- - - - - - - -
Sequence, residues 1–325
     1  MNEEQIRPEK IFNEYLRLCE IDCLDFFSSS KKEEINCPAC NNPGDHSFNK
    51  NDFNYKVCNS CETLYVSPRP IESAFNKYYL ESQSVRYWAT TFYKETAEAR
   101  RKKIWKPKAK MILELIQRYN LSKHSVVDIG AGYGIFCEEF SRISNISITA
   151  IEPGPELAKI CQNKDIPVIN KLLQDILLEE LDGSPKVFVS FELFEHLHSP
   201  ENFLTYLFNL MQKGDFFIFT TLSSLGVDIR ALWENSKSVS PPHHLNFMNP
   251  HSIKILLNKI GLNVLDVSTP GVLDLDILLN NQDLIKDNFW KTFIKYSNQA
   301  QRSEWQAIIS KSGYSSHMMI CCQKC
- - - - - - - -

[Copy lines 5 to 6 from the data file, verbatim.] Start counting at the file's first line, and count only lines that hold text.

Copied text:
   151  IEPGPELAKI CQNKDIPVIN KLLQDILLEE LDGSPKVFVS FELFEHLHSP
   201  ENFLTYLFNL MQKGDFFIFT TLSSLGVDIR ALWENSKSVS PPHHLNFMNP